North Korea’s conducted its latest weapons test on Sunday, presenting South Korea’s Moon Jae-in with his first foreign policy challenge and raising fears that Pyongyang may have developed a new kind of missile.
Japan’s defence minister said the missile had reached an altitude of 2,000km on its 700km journey, potentially indicating a new type of rocket.
David Wright, a physicist and missile expert, wrote on the All Things Nuclear blog that had the missile been fired on a lower trajectory, its could have flown as far as 4,500km, and putting the US territory of Guam within range.
World leaders, including US President Donald Trump and Japan’s Prime Minister Shinzo Abe, were quick to condemn the test — Pyongyang’s 10th so far this year.
“With the missile impacting so close to Russian soil — in fact, closer to Russia than Japan — the president cannot imagine that Russia is pleased,” the White House said in a statement. “North Korea has been a flagrant menace for far too long . . . Let this latest provocation serve as a call for all nations to implement far stronger sanctions.”
Pyongyang’s latest missile test comes amid a relative easing of tensions after Mr Trump said a fortnight ago he would be “honoured” to meet North Korean leader Kim Jong Un. His comments came weeks after the US president sparked fears of imminent conflict by saying the US was prepared to act unilaterally to “solve” the North Korean problem.
Mr Moon criticised the launch but said his government would not close the door on dialogue with Pyongyang. The new South Korean leader has pledged a dual-track approach of increasing sanctions but also engaging with Mr Kim’s regime.
The North appeared to reciprocate on Saturday, with senior diplomat Choe Son Hui telling reporters in Beijing that Pyongyang would “hold dialogue under right conditions” with the US administration.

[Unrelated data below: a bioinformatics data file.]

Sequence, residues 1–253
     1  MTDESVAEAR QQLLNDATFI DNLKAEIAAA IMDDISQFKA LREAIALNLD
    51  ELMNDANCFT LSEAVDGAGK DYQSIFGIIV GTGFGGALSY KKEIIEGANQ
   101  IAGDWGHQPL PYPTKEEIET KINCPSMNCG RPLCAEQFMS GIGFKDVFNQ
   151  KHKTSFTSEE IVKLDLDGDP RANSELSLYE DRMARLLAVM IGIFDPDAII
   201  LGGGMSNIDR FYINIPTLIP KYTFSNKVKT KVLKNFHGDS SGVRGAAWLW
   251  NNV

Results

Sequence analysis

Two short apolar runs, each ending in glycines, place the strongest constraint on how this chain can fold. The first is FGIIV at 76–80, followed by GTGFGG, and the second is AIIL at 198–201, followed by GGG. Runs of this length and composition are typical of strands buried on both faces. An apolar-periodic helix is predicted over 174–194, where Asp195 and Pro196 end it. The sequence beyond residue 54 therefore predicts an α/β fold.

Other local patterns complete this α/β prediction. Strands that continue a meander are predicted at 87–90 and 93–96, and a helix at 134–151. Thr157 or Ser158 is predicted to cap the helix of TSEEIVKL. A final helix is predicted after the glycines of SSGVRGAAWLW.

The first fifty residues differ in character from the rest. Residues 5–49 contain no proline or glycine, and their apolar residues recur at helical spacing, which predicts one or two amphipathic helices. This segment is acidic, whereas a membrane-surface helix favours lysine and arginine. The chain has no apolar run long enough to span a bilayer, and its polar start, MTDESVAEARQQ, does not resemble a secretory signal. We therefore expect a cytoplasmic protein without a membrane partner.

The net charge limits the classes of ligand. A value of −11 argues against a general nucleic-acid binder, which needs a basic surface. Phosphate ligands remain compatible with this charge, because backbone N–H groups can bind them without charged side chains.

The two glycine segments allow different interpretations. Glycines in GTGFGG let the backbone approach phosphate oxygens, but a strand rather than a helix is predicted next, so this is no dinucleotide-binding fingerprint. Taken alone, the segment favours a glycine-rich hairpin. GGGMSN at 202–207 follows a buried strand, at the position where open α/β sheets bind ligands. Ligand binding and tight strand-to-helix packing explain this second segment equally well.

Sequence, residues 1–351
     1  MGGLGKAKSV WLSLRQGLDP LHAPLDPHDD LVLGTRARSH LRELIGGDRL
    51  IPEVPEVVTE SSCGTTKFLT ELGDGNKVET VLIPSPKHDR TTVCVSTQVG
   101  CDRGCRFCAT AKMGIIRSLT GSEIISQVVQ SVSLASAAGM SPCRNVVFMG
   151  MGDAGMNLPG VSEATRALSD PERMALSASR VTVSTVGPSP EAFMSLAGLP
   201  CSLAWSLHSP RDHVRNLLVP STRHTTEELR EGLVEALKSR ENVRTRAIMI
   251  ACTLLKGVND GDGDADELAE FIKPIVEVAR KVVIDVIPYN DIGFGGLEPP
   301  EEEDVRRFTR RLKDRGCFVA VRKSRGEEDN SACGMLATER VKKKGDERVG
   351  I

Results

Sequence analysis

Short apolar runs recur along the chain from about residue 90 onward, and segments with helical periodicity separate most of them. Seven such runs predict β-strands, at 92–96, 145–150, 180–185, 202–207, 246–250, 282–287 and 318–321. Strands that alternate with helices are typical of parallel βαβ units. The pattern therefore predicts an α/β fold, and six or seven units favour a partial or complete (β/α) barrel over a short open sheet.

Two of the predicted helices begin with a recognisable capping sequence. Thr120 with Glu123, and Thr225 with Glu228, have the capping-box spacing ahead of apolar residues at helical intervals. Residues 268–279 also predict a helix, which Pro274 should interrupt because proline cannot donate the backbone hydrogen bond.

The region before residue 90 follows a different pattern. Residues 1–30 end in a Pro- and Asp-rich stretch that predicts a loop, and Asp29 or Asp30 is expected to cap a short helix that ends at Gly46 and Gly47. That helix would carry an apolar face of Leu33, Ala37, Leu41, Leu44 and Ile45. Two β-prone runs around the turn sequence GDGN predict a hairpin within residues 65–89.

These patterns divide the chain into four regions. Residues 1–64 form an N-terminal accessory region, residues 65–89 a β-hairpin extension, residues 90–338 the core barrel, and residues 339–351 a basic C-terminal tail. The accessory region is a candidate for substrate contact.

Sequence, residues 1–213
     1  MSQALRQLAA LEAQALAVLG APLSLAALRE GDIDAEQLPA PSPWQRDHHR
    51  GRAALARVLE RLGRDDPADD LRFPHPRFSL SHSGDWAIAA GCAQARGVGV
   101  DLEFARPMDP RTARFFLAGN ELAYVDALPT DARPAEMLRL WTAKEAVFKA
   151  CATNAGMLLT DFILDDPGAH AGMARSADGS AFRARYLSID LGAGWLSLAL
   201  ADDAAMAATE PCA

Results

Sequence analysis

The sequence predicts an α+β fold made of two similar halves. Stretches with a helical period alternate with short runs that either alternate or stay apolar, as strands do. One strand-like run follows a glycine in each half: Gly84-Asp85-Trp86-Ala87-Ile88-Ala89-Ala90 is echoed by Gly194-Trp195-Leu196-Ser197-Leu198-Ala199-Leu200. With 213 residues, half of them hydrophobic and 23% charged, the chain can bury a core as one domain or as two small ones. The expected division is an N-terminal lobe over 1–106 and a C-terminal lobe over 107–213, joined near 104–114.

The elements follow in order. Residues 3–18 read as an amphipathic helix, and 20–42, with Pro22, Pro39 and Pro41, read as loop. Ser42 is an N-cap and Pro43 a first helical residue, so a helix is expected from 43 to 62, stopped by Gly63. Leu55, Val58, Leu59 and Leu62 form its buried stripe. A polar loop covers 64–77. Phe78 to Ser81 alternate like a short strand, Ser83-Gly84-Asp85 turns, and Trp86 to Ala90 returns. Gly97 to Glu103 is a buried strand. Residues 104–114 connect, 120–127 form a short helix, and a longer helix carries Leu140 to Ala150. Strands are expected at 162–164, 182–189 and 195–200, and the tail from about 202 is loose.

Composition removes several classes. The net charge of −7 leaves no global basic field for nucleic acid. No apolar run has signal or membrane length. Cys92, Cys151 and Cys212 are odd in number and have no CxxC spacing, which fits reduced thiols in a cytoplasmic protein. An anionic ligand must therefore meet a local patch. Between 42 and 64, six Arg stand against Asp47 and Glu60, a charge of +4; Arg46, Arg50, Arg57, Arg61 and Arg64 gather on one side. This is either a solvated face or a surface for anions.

Mr Moon’s election heralds a broader reconfiguration of the region’s geopolitics.
A diplomatic freeze between China and South Korea over a US missile shield, whose radar Beijing fears will be used to spy on its military developments, has shown signs of thawing. A top South Korean envoy travelled to China over the weekend for the first high-level government interaction in months, in a visit Seoul said had been requested by Chinese president Xi Jinping.
“[This] can be a starting point for smoothing over many of the crises in the region,” said Song Min-soon, a former South Korean foreign minister. “It is quite natural for any new South Korean president to want to have warm relations with China and this does not mean sacrificing our alliance with the US.”
The visit followed talks between Mr Moon and Mr Xi on the deployment of the Terminal High Altitude Area Defence platform, or Thaad.
In the months since Thaad was announced, Beijing has ratcheted up economic pressure on Seoul, banning its tour groups from visiting South Korea and shuttering Korean companies operating in China.
On the campaign trail last month, Mr Moon said he would reconsider the Thaad installation, suggesting due process had not been followed in its deployment.
Experts, however, say it will be difficult for Mr Moon to pull the deployment, which may undermine any attempt at rebuilding ties with China.
“[Mr Moon] has acted proactively but I’m afraid he won’t be able to meet Chinese expectations,” said Zhao Tong, an expert on China-Korea relations at the Carnegie-Tsinghua Center for Global Policy in Beijing. “China expects South Korea to completely cancel the deployment.”
Mr Moon’s ruling Democratic party on Friday said it would push for a parliamentary hearing on the controversial shield in order to address “national suspicions”.
“We have to address national suspicions regarding the procedural legitimacy of the Thaad deployment, the illegal installation of Thaad equipment and a possible secret deal [with the US over cost-sharing],” the lawmakers said in a statement.
Additional reporting by Kang Buseong in Seoul, Charles Clover in Beijing and Robin Harding in Tokyo